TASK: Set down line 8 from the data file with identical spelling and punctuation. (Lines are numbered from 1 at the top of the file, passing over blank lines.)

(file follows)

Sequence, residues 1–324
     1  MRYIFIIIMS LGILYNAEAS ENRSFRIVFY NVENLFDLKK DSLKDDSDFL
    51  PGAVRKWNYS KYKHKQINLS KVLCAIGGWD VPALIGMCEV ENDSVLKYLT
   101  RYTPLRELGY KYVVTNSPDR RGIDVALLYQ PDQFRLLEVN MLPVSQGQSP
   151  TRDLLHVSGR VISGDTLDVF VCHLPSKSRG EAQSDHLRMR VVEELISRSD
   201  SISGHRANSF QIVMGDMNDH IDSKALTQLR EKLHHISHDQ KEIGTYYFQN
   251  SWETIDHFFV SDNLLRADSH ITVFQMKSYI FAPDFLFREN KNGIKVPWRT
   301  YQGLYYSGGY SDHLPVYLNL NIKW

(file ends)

   301  YQGLYYSGGY SDHLPVYLNL NIKW